Last Updated: September 26, 2022
Since the last revision of this section, the results from several cohort studies, clinical trials, and meta-analyses on the use of vitamin D for the prevention or treatment of COVID-19 have been published in peer-reviewed journals or have been made available as manuscripts ahead of peer review. However, most of these studies had significant limitations, such as small sample sizes or a lack of randomization and/or blinding. In addition, these studies used varying doses and formulations of vitamin D, enrolled participants with a range of COVID-19 severities, included different concomitant medications, and measured different study outcomes. All these factors make it difficult to compare results across studies. The studies summarized below are those that have had the greatest impact on the COVID-19 Treatment Guidelines Panel’s (the Panel) recommendations.
Although multiple observational cohort studies suggest that people with low vitamin D levels are at increased risk of SARS-CoV-2 infection and worse clinical outcomes after infection (e.g., higher mortality rates), clear evidence that vitamin D supplementation provides protection against infection or improves outcomes in patients with COVID-19 is still lacking.1,2
- There is insufficient evidence for the Panel to recommend either for or against the use of vitamin D for the prevention or treatment of COVID-19.
Vitamin D is critical for bone and mineral metabolism. Because the vitamin D receptor is expressed on immune cells such as B cells, T cells, and antigen-presenting cells, and because these cells can synthesize the active vitamin D metabolite, vitamin D also has the potential to modulate innate and adaptive immune responses.3 It is postulated that these immunomodulatory effects of vitamin D could potentially protect against SARS-CoV-2 infection or decrease the severity of COVID-19.
Vitamin D deficiency (defined as a serum concentration of 25-hydroxyvitamin D ≤20 ng/mL) is common in the United States, particularly among persons of Hispanic ethnicity and Black race.4 These groups are overrepresented among cases of COVID-19 in the United States.5 Vitamin D deficiency is also more common in older patients and patients with obesity and hypertension; these factors have been associated with worse outcomes in patients with COVID-19.6 High levels of vitamin D may cause hypercalcemia and nephrocalcinosis.7
Clinical Data on Vitamin D for Prevention
In a double-blind trial conducted at 4 hospitals in Mexico, frontline health care workers were randomized to receive vitamin D3 4,000 IU or placebo for 30 days.8 Participants were enrolled before COVID-19 vaccines became available. Over one-third of the enrolled participants dropped out before study completion. Of the 192 participants who completed follow-up, 6.4% of participants in the vitamin D3 arm and 24.5% in the placebo arm acquired SARS-CoV-2 infection (relative risk 0.22; 95% CI, 0.08–0.59). At baseline, approximately 67% of participants had vitamin D deficiency, but this was not found to be an independent predictor of acquiring SARS-CoV-2 infection. The frequency of SARS-CoV-2 infection was very high in the placebo group, and it is unclear how these results translate to the use of vitamin D in vaccinated health care workers.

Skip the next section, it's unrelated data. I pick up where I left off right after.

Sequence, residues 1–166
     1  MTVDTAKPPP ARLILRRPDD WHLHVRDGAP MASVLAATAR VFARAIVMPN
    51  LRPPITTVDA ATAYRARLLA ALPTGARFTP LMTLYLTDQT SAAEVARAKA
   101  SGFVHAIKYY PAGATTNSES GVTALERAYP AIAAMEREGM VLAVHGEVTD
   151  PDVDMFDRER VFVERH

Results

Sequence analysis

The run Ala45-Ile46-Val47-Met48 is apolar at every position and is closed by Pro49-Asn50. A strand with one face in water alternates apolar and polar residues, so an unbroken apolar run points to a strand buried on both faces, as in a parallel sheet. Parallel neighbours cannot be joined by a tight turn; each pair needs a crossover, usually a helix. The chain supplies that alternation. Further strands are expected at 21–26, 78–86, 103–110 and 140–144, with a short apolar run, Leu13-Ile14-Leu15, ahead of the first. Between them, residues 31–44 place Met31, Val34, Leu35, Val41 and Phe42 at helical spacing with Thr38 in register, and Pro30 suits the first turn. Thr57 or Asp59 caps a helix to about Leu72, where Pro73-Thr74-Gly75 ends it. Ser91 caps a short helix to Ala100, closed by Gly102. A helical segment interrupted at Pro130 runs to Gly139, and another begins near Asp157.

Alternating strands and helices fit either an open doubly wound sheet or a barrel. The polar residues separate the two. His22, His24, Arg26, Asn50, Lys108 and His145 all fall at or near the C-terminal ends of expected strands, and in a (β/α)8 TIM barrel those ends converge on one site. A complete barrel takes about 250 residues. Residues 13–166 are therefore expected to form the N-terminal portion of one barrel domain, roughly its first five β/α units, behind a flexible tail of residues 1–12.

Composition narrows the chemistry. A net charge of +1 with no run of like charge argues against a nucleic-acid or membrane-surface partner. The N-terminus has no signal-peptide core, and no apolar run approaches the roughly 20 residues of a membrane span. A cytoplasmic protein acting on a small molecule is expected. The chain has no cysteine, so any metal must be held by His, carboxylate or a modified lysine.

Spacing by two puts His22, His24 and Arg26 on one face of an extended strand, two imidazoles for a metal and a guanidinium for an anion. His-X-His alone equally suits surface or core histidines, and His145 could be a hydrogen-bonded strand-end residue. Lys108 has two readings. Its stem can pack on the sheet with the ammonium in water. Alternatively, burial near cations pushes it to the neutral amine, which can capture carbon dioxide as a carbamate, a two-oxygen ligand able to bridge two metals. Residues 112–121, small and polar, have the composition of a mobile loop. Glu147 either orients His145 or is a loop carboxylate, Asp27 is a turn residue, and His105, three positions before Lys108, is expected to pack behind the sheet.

Clinical Data on Vitamin D for Treatment
In a double-blind trial conducted from June to October 2020 at 2 sites in Brazil, 240 hospitalized patients with moderate to severe COVID-19 were randomized to receive a single dose of vitamin D3 200,000 IU or placebo.9 Patients were considered to have moderate to severe COVID-19 if they had a positive polymerase chain reaction (PCR) result for SARS-CoV-2 or compatible computed tomography scan findings and a respiratory rate >24 breaths/min or oxygen saturation <93% on room air. The primary outcome was length of hospital stay. The study found no significant difference in the median length of stay between the vitamin D3 arm (7.0 days; IQR 4.0–10.0 days) and the placebo arm (7.0 days; IQR 5.0–13.0 days; log-rank P = 0.59). No significant differences were observed between the arms in the proportion of patients who were admitted to the intensive care unit (ICU), the need for mechanical ventilation, or mortality. There were no significant safety concerns.
A randomized, double-blind, placebo-controlled study conducted in Argentina included 218 adult patients with COVID-19 who had been admitted to the hospital during the preceding 24 hours and who had oxygen saturation ≥90% on room air and a risk factor for disease progression.10 Patients were randomized to receive a single oral dose of vitamin D3 500,000 IU or placebo. The primary outcome was the change in the respiratory sepsis-related organ failure assessment (rSOFA) score between baseline and the highest value recorded up to Day 7. There was no significant difference between the arms for this outcome, with a median change of 0 in both arms (P = 0.925). There were also no significant differences between the arms in the median length of hospital stay, the number of patients admitted to the ICU, or in-hospital mortality.